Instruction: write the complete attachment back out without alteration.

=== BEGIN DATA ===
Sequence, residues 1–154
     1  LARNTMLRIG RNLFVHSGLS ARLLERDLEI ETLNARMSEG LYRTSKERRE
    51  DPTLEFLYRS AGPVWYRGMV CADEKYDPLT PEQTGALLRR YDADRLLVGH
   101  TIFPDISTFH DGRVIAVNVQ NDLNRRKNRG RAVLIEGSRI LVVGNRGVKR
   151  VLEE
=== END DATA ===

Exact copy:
Sequence, residues 1–154
     1  LARNTMLRIG RNLFVHSGLS ARLLERDLEI ETLNARMSEG LYRTSKERRE
    51  DPTLEFLYRS AGPVWYRGMV CADEKYDPLT PEQTGALLRR YDADRLLVGH
   101  TIFPDISTFH DGRVIAVNVQ NDLNRRKNRG RAVLIEGSRI LVVGNRGVKR
   151  VLEE